Kentuckian Tea Partier Rand Paul ran for Senate in 2010 on a platform that called for the complete repeal of the ADA - and he won the seat.
The same year, Congress failed to include in health care reform the Community Choice Act, which would have allowed more disabled people to receive Medicaid at home instead of segregating them in nursing homes.
Last October, California governor Jerry Brown signed into law a bill sponsored by Senator Dianne Feinstein that makes it less attractive to sue businesses that fail to comply with the ADA, by, among other things, reducing the amount in damages that disabled plaintiffs can seek, in most cases from $4,000 to $2,000.
And on December 4, conservative pundit Rick Santorum tweeted to his 216,000 followers: "Thank you to all who stood with us in this fight against #CRPD," after Senate Republicans blocked ratification of the UN Convention on the Rights of People with Disabilities (#CRPD), which would have affirmed many of the ADA's provisions on an international scale. (Specifically, Santorum gave virtual high-fives to Senator Mike Lee of Utah and Michael Farris, founder of an ultra-rightwing libertarian organization, masquerading as a nonprofit for home-schooling, called the Home School Legal Defense Association.)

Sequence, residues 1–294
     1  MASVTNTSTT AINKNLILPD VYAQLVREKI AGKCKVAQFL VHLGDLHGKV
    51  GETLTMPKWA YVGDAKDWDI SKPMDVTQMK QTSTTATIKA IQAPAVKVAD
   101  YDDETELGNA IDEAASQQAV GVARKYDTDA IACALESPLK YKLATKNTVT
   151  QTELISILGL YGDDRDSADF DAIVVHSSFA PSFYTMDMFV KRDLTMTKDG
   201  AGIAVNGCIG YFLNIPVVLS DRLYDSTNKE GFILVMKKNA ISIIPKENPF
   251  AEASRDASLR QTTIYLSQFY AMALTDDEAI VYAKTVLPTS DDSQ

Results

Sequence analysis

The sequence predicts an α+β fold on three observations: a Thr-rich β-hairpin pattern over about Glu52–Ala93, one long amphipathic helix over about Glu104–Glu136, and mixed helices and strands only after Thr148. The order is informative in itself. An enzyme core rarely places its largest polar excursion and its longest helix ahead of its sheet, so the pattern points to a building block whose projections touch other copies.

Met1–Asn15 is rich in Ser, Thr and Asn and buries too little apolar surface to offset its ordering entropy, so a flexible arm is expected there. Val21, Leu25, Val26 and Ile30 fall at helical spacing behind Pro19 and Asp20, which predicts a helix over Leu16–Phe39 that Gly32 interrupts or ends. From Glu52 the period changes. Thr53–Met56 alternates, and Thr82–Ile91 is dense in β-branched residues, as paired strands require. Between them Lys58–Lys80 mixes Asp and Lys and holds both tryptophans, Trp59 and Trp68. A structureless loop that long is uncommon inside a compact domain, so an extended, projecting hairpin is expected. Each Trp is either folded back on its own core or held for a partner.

When friendlier tactics (education or mediation) don't work, lawsuits are the principal official mechanism for achieving enforcement where there is resistance from businesses and local governments. In some places, ADA suits have become their own cottage industry, with some claimants filing hundreds of them per year via private attorneys who focus on ADA law. Not surprisingly, this garners resentment from the business owners who are the targets of these cases. However, the damages a disabled claimant receives in a successful lawsuit, in many states, is nothing, and as a result, getting representation from a lawyer isn't always easy, because the lawyer has less to gain financially. Eve Hill, a senior legal counselor at the Department of Justice's Civil Rights Division, says, "That's really why you get disability rights lawyers who specialize in disability civil rights as opposed to personal injury lawyers who dabble in it. You mostly do get people who, this is what they want to do."